Some of the changes, like carrying a personal loan as well as credit-card debt, affects both new scores. But there are more substantial changes involving the FICO 10 T version. The biggest shift, however, concerns the amount of debt you carry, experts said. In the past, people trying to polish their scores right before applying for loans were told to pay off their credit cards or get the balances as low as possible a month or two before submitting an application. That won’t work as well now.
1. Trended Data– Instead of looking at just a static month of your balances, FICO 10 T will look at the past two years or more, which will give lenders more insight into how you’re managing your credit over time. That should mean your scores will better reflect the trajectory of your behavior. This also means late payments will now have a bigger increase on the scoring model. (Incidentally, VantageScore, a lesser-known score provider that is a joint venture of the three big credit-reporting companies, has already incorporated this into its formula.) I am wondering if this will close the scoring gap between a “soft-pull” & a “hard-pull”. Say, for example Credit Karma. It seems to me that gap may close point-wise. We shall see….
Trended data gives lenders a different view of borrowers
FICO 10T will use trended data to show lenders something different about borrowers from their traditional information. Trended data gives prospective lenders borrowers’ key balance and payment data for the past 24 months, which enables them to see consumers’ behavior trends and determine if they’re carrying balances, consolidating or paying off their balances each month. “Many lenders want to leverage the most comprehensive data possible to make precise lending decisions,” Jim Wehmann, executive vice president for scores at FICO, said in a news release. “By offering a score that taps further into trended data, we’re able to give lenders greater flexibility and predictive power, as well as ease of integration.”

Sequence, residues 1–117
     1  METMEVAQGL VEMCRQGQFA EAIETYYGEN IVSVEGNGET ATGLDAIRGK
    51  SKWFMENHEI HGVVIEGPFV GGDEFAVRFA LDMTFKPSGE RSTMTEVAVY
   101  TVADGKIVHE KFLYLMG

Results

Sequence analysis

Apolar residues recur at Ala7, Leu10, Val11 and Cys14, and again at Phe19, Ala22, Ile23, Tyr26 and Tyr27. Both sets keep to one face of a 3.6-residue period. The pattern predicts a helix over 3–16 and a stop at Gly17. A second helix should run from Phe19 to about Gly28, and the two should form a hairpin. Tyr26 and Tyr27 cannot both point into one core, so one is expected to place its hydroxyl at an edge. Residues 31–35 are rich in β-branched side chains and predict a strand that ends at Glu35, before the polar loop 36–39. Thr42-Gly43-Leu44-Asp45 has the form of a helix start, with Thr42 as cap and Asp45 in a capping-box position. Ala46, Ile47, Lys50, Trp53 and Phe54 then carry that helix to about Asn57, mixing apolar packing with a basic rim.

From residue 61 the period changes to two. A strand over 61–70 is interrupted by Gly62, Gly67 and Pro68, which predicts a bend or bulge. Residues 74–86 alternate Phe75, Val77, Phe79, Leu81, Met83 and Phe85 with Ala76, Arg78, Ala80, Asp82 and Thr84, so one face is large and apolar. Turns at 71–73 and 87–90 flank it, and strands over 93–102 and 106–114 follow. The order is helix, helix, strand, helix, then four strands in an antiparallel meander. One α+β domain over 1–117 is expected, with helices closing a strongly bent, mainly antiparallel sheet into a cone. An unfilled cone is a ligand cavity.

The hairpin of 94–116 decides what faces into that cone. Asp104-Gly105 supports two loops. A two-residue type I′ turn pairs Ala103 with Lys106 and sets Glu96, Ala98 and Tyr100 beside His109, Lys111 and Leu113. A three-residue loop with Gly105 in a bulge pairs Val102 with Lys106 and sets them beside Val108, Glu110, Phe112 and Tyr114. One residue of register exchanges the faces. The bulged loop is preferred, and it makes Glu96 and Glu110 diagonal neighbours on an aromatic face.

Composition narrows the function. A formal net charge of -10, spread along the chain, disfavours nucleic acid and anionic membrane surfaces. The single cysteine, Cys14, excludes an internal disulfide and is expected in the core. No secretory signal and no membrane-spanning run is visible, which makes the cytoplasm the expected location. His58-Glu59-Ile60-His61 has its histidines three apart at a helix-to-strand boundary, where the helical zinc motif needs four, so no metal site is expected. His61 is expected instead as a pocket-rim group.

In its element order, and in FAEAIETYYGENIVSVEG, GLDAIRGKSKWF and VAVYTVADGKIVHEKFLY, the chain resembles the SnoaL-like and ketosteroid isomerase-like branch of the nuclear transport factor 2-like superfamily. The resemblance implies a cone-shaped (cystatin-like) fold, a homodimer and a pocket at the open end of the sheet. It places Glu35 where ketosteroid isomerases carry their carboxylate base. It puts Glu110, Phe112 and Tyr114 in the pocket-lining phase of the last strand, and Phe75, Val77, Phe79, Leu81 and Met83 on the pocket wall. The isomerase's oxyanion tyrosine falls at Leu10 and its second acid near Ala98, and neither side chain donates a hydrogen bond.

A high credit utilization ratio (the percentage of total debt you’re carrying compared to total available credit) isn’t a new red flag for lenders, but the FICO 10 T score gives that statistic even more weight if credit card balances hover close to set spending limits for an extended period of time. It’ll also look at how your debt balances have changed—and if they’ve been climbing over time.
“Previously we have only really looked at the most recent balance for that important information,” Shellenberger said. “Whatever has been reported by the credit card company is what that score is based on. But now we can look at how that has trended over the past 24 months. It looks at averages rather than one or two points in time where your balances were higher.”
Paying off your card a month or two before you apply for a Mortgage loan? That’s not the best advice anymore, & The Credit Cowboy has been giving that advice to his clients for years. Now, my advice is changing: You want to get your credit card balances down multiple months in advance, or at least have them trending down for months in a row and then have balances at a low before you apply. You need to plan ahead, whereas before you did not. THE FUNNY THING IS: When I first got into the credit repair business as a young man, I erroneously believed they used TRENDED DATA at the time. I stopped telling people that about 8 years ago, and now today that is EXACTLY the scoring model we have in place….I just made sense to see a trend than to allow someone to all of a sudden pay down a credit card and all is good.